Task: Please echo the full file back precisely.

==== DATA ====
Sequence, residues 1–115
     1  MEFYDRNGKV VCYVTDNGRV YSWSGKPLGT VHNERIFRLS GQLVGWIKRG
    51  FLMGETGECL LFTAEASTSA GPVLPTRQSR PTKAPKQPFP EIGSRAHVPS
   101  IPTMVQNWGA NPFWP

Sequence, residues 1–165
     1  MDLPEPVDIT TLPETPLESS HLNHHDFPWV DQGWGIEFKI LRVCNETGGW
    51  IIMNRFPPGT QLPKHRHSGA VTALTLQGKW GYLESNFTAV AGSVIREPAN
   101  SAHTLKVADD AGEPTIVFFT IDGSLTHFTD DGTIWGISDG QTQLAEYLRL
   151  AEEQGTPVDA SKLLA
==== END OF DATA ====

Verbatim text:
Sequence, residues 1–115
     1  MEFYDRNGKV VCYVTDNGRV YSWSGKPLGT VHNERIFRLS GQLVGWIKRG
    51  FLMGETGECL LFTAEASTSA GPVLPTRQSR PTKAPKQPFP EIGSRAHVPS
   101  IPTMVQNWGA NPFWP

Sequence, residues 1–165
     1  MDLPEPVDIT TLPETPLESS HLNHHDFPWV DQGWGIEFKI LRVCNETGGW
    51  IIMNRFPPGT QLPKHRHSGA VTALTLQGKW GYLESNFTAV AGSVIREPAN
   101  SAHTLKVADD AGEPTIVFFT IDGSLTHFTD DGTIWGISDG QTQLAEYLRL
   151  AEEQGTPVDA SKLLA